Memory: utilizing working memory and accessing recall.

Very often, people with ADHD will report that they have adequate or exceptional memory for things that happened long ago, but great difficulty in being able to remember where they just put something, what someone just said to them, or what they were about to say. They may describe difficulty holding one or several things “on line” while attending to other tasks. In addition, persons with ADHD often complain that they cannot pull out of memory information they have learned when they need it.

Action: monitoring and regulating self-action.

Many persons with ADHD, even those without problems of hyperactive behavior, report chronic problems in regulating their actions. They often are too impulsive in what they say or do, and in the way they think, jumping too quickly to inaccurate conclusions. Persons with ADHD also report problems in monitoring the context in which they are interacting. They fail to notice when other people are puzzled, or hurt or annoyed by what they have just said or done and thus fail to modify their behavior in response to specific circumstances. Often they also report chronic difficulty in regulating the pace of their actions, in slowing self and/or speeding up as needed for specific tasks.

So given that some elements are genetic and some are socialised (see epigenetics), what can we do about it??  See my next blog post.


Do you recognise any of these behaviours in those you know?

How have you (or they) learn to better manage or make improvements in compromising behaviour patterns?

*Excerpted from http://www.drthomasebrown.com/add-adhd-model/


Resilient Leaders have the K.N.A.C.K.

You’ve taken the leadership training and read the books.  So why haven’t you implemented those things you were so jazzed about?  If it was easy, you’d have a perfect leadership score already.    FACT: Being really busy means you have less time/energy to implement new approaches.

Good news:  you don’t have to keep trying to do it on your own.  Pick a quality you want to express more of and join a peer mentor group with others who are also getting the K.N.A.C.K. of Resilient Leadership.


The K.N.A.C.K. of Resilient Leadership

K-   Knowledge of Human Nature

Resilient leaders must understand why smart people do irrational things, personality type differences and how to inspire, resolve conflict with and motivate them each differently.  Leaders today are simply expected to have solid knowledge of strategy and their industry, and gone are the days of ignoring the emotional side of team leadership.  Do you understand people well enough to give what your team needs from you to perform at their best?  Knowledge of Human Nature is quite learnable.

N-   Non-Reactive

Impulse control and self-management require self-awareness and stable confidence.  Resilient leaders act powerfully when needed and can be spontaneous,  but responses are not driven by their reptilian brain.  Reflexes are often grounded in past experiences and normal fear which may not serve well in an organisational context.  Becoming Non-Reactive is quite learnable.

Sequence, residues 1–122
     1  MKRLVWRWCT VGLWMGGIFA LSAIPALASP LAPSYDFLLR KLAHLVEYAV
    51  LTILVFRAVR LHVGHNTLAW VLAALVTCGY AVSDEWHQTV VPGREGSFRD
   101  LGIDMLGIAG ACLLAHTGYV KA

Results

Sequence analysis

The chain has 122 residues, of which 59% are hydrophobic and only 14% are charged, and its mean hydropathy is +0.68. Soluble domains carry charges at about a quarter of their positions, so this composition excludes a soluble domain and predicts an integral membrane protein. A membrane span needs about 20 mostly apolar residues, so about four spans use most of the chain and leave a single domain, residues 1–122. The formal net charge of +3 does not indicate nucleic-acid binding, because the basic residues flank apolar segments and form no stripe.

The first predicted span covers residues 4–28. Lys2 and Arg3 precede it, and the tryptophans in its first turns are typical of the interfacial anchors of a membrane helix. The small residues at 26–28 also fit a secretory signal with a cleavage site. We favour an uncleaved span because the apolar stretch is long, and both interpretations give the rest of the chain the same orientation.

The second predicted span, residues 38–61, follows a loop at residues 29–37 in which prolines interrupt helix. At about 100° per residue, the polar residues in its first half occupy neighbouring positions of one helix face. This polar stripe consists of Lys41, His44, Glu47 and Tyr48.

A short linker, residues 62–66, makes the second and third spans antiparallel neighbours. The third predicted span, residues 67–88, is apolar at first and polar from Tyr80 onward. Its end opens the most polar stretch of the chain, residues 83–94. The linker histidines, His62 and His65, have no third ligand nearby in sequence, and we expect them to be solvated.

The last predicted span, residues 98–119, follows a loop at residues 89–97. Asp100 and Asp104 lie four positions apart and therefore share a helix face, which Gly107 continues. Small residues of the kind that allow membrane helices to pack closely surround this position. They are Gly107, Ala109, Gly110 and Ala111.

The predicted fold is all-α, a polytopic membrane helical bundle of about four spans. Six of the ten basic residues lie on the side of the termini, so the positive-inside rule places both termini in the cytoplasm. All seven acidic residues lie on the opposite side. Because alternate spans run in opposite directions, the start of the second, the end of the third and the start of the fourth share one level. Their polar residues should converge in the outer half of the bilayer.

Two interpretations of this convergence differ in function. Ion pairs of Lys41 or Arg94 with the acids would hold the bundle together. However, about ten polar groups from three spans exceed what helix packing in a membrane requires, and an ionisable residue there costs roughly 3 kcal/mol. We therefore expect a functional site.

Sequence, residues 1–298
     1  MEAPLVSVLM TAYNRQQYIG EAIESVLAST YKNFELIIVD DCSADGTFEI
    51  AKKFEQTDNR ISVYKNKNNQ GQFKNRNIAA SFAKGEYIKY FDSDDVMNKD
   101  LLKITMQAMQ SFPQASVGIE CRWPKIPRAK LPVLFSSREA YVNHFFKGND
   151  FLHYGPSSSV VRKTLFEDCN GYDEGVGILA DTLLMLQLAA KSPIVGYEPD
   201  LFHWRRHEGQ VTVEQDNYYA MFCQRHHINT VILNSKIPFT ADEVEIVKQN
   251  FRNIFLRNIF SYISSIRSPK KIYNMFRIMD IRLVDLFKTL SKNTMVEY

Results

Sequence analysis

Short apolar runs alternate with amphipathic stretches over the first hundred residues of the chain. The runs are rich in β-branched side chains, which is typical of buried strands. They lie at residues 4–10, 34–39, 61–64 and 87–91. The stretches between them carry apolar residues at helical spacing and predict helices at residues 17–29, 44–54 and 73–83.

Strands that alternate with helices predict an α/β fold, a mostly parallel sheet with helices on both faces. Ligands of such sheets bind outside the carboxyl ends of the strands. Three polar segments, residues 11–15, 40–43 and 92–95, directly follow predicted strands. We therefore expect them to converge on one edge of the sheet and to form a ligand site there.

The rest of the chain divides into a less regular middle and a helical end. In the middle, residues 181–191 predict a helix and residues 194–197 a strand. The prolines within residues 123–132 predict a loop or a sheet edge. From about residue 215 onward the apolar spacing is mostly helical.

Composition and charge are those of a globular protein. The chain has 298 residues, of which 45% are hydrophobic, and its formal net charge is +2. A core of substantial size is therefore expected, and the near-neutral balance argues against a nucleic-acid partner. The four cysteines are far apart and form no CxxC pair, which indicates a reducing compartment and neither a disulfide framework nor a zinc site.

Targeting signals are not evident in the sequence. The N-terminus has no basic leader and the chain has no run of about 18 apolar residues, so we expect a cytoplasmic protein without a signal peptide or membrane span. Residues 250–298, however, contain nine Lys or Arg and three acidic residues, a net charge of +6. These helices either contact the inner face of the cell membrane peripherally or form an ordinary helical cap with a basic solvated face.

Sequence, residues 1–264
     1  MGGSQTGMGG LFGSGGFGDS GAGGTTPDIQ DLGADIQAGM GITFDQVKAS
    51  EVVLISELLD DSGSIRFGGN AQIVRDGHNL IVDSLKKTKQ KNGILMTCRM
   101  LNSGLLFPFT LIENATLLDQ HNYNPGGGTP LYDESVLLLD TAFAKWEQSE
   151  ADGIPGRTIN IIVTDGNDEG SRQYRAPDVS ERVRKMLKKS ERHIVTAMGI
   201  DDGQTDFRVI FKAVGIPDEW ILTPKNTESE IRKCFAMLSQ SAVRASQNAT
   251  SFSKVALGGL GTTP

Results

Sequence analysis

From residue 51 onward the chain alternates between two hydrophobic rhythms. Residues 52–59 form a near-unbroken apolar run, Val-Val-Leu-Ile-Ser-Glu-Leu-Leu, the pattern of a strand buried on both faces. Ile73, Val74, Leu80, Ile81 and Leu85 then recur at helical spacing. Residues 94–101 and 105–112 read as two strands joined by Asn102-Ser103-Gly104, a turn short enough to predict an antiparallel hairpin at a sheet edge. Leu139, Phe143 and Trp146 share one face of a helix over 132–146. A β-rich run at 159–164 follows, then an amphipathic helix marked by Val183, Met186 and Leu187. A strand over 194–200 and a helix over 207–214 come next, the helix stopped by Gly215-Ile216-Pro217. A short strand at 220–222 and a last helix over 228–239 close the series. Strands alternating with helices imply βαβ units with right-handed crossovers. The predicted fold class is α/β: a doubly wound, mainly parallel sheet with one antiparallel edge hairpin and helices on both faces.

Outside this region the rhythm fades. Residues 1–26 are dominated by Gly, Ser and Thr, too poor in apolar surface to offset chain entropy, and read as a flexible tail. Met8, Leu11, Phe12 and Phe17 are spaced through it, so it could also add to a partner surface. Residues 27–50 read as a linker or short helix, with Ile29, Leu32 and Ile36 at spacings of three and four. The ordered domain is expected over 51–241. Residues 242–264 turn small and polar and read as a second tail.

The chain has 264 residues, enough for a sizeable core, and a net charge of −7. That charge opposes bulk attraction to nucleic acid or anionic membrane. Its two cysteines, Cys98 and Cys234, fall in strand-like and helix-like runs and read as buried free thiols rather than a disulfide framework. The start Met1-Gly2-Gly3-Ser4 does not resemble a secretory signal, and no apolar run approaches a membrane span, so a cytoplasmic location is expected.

A-   Action-Oriented

Resilient leaders know when to move fast to take action versus when the ideal action is to stop and reflect.  In either case, the action is chosen and purposeful.  Planning properly and attending to details are essential; worrying about perfection is not.  Does what you do with your time align with your true priorities?  Becoming Action-Oriented doing the right things is quite learnable.

C-   Courageous

Resilient Leaders have the guts to speak the truth and to face reality, be it about their own strengths or shortcomings, a past error, or a situation that is out of control.  Leading sometimes means re-kindling optimism or doing the unpopular thing, and having Intention Deficit Disorder does not serve leaders well.  When faced with a most difficult task, are you clear about the right thing to do so you can manifest your conviction?  Becoming courageous in a new way is quite learnable.

K-   Kindness

Being kind doesn’t mean being a doormat.  Sometimes the kindest thing one can do is to fire somebody.  Keeping a long-term perspective and transparently balancing the needs of all parties is key for Resilient Leaders to nurture trust and loyalty among team members and others.  We can’t give what we don’t have and Resilient Leaders understand that self-empathy is where it all begins.  Can you think of a person who deserves and may blossom with more empathy than you are presently providing?  Becoming more kind is quite learnable.


Know a leader who thinks they don’t have time to become more effective?  Offer them these questions which might help them see if it is worth their time to do something about it yet.


Resilient Leaders are more effective at motivating others when they have a sound grasp of human nature, self-management, take the right kinds of actions and show courage and kindness.    Are you presently giving those you work with the right balance of each?   Whether you are an effective leader (or not) is decided by those you lead, not by you!  So, ask them!

What is one small thing you can do differently starting today, which will make you a more resilient leader?

In your opinion, what else do resilient leaders need?

The challenge of embedding coaching skills in the workplace

Essential Elements of a

Successful Organisational Coaching Skills Program


Summary of an article by Grant and Hartley1 on practical strategies organisations can use to more effectively embed and sustain leadership coaching skills in the workplace following participation by executives and managers in a coaching skills development program.  This scorecard can assist in a go/no go decision on organisational readiness to implement a coaching skill program into the organisational culture and to prioritise factors that contribute to successful leadership development.